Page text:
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Hugo Wyss

Switzerland has natural resources since 1890, in t ...more


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Hugo Wyss @ 20.07.2018 17:41

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Guest column

Samuel Scheer

About the author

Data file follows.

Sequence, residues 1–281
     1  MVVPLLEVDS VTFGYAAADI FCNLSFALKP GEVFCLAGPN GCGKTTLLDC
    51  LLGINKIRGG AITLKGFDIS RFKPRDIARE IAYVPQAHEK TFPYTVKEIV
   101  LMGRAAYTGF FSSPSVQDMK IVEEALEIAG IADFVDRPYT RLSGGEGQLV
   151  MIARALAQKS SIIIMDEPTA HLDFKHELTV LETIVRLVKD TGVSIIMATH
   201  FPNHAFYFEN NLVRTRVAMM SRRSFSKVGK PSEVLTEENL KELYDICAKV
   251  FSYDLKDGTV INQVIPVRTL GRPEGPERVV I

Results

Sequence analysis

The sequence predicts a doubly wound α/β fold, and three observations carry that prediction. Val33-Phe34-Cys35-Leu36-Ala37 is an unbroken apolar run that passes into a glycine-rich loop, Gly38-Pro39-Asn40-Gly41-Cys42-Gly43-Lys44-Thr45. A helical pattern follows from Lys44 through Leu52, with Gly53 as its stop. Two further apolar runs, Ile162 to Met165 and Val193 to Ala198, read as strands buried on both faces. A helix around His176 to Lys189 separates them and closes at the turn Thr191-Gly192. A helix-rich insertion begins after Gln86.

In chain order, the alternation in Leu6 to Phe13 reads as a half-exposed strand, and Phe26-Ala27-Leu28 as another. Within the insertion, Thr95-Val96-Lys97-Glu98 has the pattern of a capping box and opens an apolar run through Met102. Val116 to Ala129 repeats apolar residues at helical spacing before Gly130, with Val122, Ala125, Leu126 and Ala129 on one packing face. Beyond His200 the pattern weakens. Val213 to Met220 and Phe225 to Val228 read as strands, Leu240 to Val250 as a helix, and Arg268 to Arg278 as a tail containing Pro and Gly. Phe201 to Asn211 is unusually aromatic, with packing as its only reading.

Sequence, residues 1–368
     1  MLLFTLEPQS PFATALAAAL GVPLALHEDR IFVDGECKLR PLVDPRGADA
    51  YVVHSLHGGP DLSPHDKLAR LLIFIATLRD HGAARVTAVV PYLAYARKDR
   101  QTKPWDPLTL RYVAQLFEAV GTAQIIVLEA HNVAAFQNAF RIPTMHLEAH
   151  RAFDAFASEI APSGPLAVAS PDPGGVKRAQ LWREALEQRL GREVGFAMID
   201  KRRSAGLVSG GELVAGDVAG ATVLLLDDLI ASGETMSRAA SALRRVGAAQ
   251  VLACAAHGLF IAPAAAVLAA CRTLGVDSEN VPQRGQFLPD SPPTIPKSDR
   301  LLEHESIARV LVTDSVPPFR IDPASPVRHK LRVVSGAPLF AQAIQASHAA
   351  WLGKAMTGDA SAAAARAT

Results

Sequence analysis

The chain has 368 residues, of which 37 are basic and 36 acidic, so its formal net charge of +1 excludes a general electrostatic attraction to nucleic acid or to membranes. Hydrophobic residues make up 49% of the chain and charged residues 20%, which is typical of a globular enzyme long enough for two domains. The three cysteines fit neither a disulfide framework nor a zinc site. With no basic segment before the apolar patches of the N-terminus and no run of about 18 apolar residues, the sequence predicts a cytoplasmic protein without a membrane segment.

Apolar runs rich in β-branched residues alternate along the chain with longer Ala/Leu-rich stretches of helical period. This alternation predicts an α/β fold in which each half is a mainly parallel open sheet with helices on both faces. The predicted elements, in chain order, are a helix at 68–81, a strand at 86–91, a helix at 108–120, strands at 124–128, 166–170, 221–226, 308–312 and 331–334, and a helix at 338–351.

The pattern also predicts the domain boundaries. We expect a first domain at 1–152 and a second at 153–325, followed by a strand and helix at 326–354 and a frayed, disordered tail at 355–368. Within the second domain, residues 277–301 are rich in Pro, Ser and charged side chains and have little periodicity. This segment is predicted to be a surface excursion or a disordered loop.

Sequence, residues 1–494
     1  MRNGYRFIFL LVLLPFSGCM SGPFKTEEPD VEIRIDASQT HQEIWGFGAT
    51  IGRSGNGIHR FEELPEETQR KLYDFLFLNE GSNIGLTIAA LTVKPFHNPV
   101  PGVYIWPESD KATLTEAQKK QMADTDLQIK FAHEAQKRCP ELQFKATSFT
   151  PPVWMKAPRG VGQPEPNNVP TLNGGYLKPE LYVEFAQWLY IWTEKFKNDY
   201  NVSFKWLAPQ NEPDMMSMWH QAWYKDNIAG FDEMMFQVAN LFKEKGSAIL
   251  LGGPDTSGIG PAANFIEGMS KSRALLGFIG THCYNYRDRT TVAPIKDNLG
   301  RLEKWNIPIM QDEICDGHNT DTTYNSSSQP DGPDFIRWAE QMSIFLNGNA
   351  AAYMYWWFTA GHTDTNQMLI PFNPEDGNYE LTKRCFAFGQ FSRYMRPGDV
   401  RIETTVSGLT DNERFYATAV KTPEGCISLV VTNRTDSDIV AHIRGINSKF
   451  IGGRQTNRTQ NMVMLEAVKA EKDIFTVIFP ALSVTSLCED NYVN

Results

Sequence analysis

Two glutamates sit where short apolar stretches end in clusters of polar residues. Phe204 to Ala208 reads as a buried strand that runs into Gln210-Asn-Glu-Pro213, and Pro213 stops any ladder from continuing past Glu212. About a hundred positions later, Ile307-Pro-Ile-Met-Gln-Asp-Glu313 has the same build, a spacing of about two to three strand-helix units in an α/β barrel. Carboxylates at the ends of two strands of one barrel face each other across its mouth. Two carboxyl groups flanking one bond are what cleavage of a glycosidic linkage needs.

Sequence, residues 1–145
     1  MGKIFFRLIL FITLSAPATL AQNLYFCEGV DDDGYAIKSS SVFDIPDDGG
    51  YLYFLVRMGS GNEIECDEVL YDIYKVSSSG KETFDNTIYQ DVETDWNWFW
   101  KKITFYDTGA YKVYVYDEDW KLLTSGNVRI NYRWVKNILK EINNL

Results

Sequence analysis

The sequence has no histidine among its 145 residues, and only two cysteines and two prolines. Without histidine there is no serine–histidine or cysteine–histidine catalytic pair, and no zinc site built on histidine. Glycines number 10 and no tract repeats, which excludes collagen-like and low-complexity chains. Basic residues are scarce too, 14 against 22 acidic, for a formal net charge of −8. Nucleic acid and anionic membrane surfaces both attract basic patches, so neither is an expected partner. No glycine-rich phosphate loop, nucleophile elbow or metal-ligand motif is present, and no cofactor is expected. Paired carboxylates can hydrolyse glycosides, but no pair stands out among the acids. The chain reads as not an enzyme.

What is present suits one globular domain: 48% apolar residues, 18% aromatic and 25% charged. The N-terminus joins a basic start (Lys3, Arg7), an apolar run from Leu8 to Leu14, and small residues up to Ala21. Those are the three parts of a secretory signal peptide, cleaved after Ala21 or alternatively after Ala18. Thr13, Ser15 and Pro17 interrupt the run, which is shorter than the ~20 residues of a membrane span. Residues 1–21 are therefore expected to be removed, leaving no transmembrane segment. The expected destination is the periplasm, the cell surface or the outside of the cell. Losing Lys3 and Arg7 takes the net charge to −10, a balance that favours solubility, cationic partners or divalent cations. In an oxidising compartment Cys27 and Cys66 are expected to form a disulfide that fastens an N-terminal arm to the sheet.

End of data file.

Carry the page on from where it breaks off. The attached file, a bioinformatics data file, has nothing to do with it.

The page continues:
Samuel Scheer is a serial entrepreneur, now helping the next generation of startups. At 21, Samuel founded NoTube, a telemedicine startup helping feeding tube dependent children learn to eat, now employing a staff of 20 in Austria. He has since been involved in the founding of numerous companies. In 2014, Samuel moved to Israel while commuting biweekly to Switzerland. In addition to board roles, he works as a mentor at the Innovation & Entrepreneurship lab of ETH Zurich and is an external consultant on strategic topics for Innosuisse, the Swiss Innovation Agency. He earned his BA & MA in Business Management from the University of St. Gallen and is a graduate of Singularity University.